A Guide to the 2023 National Electrical Safety Code

Updates cover how to incorporate 5G and other technologies

3 min read
Workers on an electrical line with cloudy sky in background

Since 1914, the National Electrical Safety Code has been a go-to standard for electric and telecom utility companies. The code is updated every five years. The 2023 edition was released on 1 August and will become effective on 1 February.

The NESC updates better protect workers, the public, and facilities during the installation, operation, and maintenance of power and communications supplies. The revisions are designed to help the code remain relevant as new technologies start to be used and safer ways of working are discovered.

Edited and published by the IEEE Standards Association and approved by the American National Standards Institute, the NESC has contributed to major electrical safety codes in most U.S. states, territories, and military bases; the Caribbean; and other entities and countries throughout the world.

Not to be confused with the National Electrical Code, which primarily addresses indoor wiring of homes and businesses, the NESC focuses on the outdoor lines that connect to homes and businesses, the electric supply stations and telecommunications plants, and their overhead and below-ground structures.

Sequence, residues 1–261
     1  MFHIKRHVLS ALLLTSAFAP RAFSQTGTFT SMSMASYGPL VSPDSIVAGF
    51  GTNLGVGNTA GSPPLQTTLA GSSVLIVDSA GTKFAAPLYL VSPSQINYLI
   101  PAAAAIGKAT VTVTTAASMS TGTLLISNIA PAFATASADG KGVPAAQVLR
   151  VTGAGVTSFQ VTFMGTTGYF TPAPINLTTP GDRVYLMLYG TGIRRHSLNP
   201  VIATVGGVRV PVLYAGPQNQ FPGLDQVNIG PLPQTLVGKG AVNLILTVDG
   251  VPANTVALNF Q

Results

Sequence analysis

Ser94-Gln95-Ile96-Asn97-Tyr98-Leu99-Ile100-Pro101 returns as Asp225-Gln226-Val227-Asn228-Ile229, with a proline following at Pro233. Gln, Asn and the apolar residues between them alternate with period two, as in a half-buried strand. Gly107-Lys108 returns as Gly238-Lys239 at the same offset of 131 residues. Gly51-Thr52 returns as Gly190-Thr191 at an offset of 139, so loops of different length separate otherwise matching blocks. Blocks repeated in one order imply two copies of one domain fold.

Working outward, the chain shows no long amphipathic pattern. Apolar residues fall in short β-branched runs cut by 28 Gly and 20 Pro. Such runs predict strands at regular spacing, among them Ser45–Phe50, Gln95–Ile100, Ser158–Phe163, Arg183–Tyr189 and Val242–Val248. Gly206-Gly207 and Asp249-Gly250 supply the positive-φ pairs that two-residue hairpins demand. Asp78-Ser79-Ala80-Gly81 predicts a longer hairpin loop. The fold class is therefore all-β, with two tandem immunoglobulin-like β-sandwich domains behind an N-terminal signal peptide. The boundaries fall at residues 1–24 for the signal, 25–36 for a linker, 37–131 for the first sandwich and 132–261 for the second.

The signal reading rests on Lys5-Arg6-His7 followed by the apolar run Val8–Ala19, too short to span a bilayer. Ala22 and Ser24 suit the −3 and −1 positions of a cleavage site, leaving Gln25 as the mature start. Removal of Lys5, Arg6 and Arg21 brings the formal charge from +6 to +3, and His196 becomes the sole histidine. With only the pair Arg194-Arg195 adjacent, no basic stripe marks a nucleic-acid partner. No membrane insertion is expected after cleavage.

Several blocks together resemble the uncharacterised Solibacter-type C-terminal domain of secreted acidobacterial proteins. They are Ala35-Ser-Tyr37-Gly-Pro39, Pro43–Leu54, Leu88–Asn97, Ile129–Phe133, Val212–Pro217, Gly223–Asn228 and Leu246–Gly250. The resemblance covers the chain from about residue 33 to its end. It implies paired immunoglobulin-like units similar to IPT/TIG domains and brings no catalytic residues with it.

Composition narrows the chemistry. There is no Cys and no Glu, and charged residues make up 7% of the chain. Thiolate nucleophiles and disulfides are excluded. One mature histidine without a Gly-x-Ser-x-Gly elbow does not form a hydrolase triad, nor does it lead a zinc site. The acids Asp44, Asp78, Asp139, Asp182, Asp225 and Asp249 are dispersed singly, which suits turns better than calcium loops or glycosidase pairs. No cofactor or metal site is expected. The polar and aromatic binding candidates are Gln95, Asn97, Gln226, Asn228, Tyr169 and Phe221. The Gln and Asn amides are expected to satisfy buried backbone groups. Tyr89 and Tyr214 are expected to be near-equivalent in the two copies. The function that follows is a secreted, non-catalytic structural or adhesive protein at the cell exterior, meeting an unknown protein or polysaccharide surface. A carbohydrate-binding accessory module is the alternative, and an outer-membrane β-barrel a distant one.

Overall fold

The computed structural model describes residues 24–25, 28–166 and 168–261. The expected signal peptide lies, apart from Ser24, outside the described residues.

Sections of the safety code cover electrical grounding, substations, overhead and underground power lines, and work practices.

Roles dependent on the NESC include:

  • Utility company business leadership, operations management, engineering and line design, crew supervisors, and safety trainers.
  • Providers of power, telecommunications, cable television, wireless services, and the Internet.
  • Railroads, for their power and signaling systems.
  • Manufacturers of electrical equipment and associated product testing agencies.
  • Consultants and contractors that assist in the design and construction of utility lines and infrastructure.
  • State and federal regulatory agencies that provide industry oversight.

What Are the Updates?

  • New rules 190 through 195 cover photovoltaic generating stations.
  • Rule 116c adds an exception for short lengths of insulated power cables and short-circuit protection if the situation involves fewer than 1,000 volts.
  • Rule 320B has been revised to clarify separations that apply to communications and supply in different conduit systems.
  • Table 410-4 is based on the latest arc flash testing on live-front transformers.
  • Rule 092A adds an exception allowing protection, control, and safety battery systems to not be grounded.
  • Rules 234 B1, C1, D1 were revised to better present vertical and horizontal wind clearances, and to coordinate requirements with the new Table 234-7.
  • Rule 120A was revised to provide correction factors for clearances on higher elevations.
  • Table 253-1 has been revised to reduce the load factor for fiber-reinforced polymer components under wire tension—including dead ends—for Grade C construction.